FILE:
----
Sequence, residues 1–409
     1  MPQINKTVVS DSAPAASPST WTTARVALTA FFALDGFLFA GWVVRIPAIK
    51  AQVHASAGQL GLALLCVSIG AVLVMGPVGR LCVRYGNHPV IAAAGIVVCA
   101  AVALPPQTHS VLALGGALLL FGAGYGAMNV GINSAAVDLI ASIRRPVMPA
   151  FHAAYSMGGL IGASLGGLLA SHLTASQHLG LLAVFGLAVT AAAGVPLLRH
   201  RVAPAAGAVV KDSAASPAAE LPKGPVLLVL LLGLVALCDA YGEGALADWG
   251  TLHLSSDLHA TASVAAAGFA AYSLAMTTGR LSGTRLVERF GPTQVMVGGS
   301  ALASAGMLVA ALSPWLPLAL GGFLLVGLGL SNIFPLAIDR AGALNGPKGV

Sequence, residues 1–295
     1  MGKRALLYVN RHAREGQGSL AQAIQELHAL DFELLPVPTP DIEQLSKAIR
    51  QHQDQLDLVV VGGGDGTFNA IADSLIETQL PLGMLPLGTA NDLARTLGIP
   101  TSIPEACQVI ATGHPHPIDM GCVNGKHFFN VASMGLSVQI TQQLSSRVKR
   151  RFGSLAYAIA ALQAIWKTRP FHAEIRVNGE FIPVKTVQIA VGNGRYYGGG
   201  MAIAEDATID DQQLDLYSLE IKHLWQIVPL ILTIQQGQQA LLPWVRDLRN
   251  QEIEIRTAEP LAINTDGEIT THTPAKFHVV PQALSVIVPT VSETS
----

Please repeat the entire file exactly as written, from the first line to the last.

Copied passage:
Sequence, residues 1–409
     1  MPQINKTVVS DSAPAASPST WTTARVALTA FFALDGFLFA GWVVRIPAIK
    51  AQVHASAGQL GLALLCVSIG AVLVMGPVGR LCVRYGNHPV IAAAGIVVCA
   101  AVALPPQTHS VLALGGALLL FGAGYGAMNV GINSAAVDLI ASIRRPVMPA
   151  FHAAYSMGGL IGASLGGLLA SHLTASQHLG LLAVFGLAVT AAAGVPLLRH
   201  RVAPAAGAVV KDSAASPAAE LPKGPVLLVL LLGLVALCDA YGEGALADWG
   251  TLHLSSDLHA TASVAAAGFA AYSLAMTTGR LSGTRLVERF GPTQVMVGGS
   301  ALASAGMLVA ALSPWLPLAL GGFLLVGLGL SNIFPLAIDR AGALNGPKGV

Sequence, residues 1–295
     1  MGKRALLYVN RHAREGQGSL AQAIQELHAL DFELLPVPTP DIEQLSKAIR
    51  QHQDQLDLVV VGGGDGTFNA IADSLIETQL PLGMLPLGTA NDLARTLGIP
   101  TSIPEACQVI ATGHPHPIDM GCVNGKHFFN VASMGLSVQI TQQLSSRVKR
   151  RFGSLAYAIA ALQAIWKTRP FHAEIRVNGE FIPVKTVQIA VGNGRYYGGG
   201  MAIAEDATID DQQLDLYSLE IKHLWQIVPL ILTIQQGQQA LLPWVRDLRN
   251  QEIEIRTAEP LAINTDGEIT THTPAKFHVV PQALSVIVPT VSETS